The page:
Giving advice and the risk of trying to help

Giving advice and the risk of trying to help

I always try NOT to give advice. However I do make recommendations and suggestions. I don't know how else to have a consultation with someone. I'll at least make indirect suggestions, even by the direction and promptings of the conversation, especially clinically, where there is often an agenda to help the situation and alleviate difficulty, or at least to learn from suffering in order to stop repeating problems.

It's quite ironic that as I wrote this article someone called me about insurance and remarked 'I am not giving you advice - I am not allowed to do that - but if it was me I would do x'. This represents the problem in a nutshell. People do everything the can, in lip service, to avoid the risk of saying or doing the 'wrong thing', but they often need to get around this anyway or nothing meaningful would ever get done! Imagine going to your doctor, lawyer or accountant and he or she said 'I really can't say what you should do - I can't give advice'. Wouldn't your next question be 'well what use are you?!' We can and should make suggestions, in my point of view, because again what is the use of a professional who doesn't? Imagine a fire fighter saying 'you can leave that burning house if you want to - but it's really up to you, I can't give advice'! How bloody absurd. Especially for those who really are seeking help and have absolutely no idea what to do. I think the best thing to do is to give as many appropriate and meaningful options as you can - along with  'weightings' around how much confidence we have in each of the options - but that the choice of option essentially remains with the person making that choice.

One of the problems with giving advice is that it could always backfire. Other times the advice is not 'bad' advice, it's just that the situation couldn't be helped: perhaps the situation it was applied to had been suffering a state of neglect for too long, or there was an inevitable outcome that simply could not be helped. Afterall, there is always a multitude of factors outside of one's control: for both the clinician and the client. This is the risk we take whenever we consult with others. Thus it comes down to the individual to take responsibility for his or her decisions and to use their discretion in whatever they do. To not do so is an abdication of responsibility and would always leave them in a powerless situation.

I usually clarify anything I say with the above, sometimes I have made an assumption that it was implied. Sometimes I have been wrong about this and am shocked when someone chooses not to exercise their discretion. I am fond of prefacing any feedback I give with: 'It might only be my perspective, but it seems to me that...' and also 'I know I am outside of the situation and don't really know what it's like to be in your shoes, so you need to use your discretion here...' - and my favourite: 'I am totally prepared to be wrong here, but have you ever considered x ?'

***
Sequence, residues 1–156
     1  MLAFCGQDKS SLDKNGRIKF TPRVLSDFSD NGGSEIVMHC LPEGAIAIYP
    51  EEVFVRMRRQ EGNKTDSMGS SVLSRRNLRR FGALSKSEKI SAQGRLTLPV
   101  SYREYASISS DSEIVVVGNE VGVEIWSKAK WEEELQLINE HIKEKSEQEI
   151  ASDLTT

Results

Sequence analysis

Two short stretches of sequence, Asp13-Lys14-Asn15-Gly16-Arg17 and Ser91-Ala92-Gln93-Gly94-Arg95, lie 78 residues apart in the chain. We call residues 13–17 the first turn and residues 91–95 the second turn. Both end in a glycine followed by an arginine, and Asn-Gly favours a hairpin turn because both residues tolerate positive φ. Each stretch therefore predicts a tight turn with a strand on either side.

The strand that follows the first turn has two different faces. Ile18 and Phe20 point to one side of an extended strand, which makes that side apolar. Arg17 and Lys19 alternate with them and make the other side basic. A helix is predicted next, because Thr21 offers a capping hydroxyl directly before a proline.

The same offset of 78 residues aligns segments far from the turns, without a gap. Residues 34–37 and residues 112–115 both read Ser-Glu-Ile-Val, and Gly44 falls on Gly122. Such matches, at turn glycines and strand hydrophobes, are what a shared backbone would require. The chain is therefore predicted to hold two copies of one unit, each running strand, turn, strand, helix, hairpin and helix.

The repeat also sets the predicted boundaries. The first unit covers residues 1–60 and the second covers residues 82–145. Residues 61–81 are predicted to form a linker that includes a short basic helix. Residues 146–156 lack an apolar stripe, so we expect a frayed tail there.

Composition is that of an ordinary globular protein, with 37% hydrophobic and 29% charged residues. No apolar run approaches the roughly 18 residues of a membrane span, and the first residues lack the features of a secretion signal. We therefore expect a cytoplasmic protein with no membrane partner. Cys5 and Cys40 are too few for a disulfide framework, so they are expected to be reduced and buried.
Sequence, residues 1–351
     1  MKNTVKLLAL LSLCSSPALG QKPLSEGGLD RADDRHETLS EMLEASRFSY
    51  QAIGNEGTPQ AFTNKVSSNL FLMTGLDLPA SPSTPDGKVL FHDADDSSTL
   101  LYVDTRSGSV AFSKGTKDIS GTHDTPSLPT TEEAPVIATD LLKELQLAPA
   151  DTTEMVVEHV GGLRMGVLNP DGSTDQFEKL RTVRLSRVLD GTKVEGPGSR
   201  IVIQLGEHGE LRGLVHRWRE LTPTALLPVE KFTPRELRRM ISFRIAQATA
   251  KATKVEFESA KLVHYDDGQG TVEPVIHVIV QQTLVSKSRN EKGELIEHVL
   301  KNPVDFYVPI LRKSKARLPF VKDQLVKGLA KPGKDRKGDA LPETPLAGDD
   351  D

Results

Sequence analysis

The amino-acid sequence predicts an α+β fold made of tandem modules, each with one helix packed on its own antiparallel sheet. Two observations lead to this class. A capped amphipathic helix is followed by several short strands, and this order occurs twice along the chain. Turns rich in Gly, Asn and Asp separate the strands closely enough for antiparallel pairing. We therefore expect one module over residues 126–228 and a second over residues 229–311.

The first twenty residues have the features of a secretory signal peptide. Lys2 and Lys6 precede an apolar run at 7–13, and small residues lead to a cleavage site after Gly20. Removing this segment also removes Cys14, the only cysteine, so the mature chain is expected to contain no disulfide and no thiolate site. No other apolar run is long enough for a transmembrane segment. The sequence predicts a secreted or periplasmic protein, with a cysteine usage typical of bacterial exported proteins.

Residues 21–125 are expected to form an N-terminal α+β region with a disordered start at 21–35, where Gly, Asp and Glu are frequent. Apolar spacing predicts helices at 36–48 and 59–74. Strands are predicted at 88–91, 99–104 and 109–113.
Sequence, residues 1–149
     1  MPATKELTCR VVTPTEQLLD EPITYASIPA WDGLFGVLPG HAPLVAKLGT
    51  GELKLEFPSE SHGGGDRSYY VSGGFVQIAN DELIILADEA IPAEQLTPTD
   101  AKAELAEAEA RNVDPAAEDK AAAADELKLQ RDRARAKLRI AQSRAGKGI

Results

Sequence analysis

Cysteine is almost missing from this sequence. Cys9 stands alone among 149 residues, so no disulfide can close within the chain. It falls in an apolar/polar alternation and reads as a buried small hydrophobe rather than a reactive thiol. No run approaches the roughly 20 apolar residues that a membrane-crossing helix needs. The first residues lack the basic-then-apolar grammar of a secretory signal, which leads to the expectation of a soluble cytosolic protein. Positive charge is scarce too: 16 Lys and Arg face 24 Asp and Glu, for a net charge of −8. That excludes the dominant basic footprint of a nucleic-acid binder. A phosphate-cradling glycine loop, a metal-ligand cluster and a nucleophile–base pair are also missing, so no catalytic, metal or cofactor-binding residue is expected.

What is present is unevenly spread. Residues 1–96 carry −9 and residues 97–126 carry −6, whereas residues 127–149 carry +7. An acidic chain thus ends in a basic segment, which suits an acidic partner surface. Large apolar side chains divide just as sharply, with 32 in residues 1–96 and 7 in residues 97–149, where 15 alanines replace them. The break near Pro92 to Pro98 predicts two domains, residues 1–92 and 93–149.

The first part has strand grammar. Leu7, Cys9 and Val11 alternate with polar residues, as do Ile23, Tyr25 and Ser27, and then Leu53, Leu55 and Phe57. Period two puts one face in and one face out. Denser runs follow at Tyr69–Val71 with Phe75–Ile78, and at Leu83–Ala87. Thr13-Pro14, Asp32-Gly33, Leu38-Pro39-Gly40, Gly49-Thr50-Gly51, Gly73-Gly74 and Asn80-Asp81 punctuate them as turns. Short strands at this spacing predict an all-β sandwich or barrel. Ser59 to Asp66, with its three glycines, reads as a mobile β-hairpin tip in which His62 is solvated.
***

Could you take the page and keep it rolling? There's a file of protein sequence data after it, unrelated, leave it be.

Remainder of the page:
Sometimes this still does not work, and people only hear 'directions' and adopt the adage 'but you TOLD me to do so'. Honestly - let's get real here. Regardless of anyone's advice we still have to make our own choices and we are each responsible for our own choices. You have a choice and I have choice.

People often look for someone to blame. One of the first sources to target with blame are those who have made suggestions or given advice, as if we had been a puppet on a string without any choice in the matter and without taking any responsibility for our choices and life situation.

When I did something foolish as a boy, my mother always said 'so it's their fault because they told you to do it: would you jump off a cliff if they told you to as well?' or she'd say 'so what if everyone else is doing it: would you jump of a cliff if they did so as well?' The message is intrinsic to the rhetorical question: of course not. To think otherwise is infantile.

I once knew a retired psychologist who said that he did not like people! He had moved away to a remote corner of America because he completely disliked the way people conducted themselves. He was deeply disillusioned after spending way too much time with people who were disturbed and didn't take any responsibility. He disliked the way there was a retrograde focus in psychotherapy, the way that patients had often been encouraged to seek cause and responsibility in the past - that it's mum or dad's fault. I agree with him. Whilst we can attribute the influence of mitigating factors from the past, at the end of the day we are all making choices now and the buck has to stop with ourselves. Otherwise we are hopeless and the therapy is doing a disservice to the client. It patronizes them in an infantile way.

In contrast to that other shrink, the main reason that I can continue working clinically is because I believe I am doing some good - or that at least the helpfulness of my interventions outstrips the unhelpful. I can also maintain my own sanity because I don't take responsibility for my clients. They are people in their own right who are more powerful when they take responsibility for themselves - so I work with them in this way, to the best of my ability, in a therapeutic alliance - a collaboration of 'smarts'.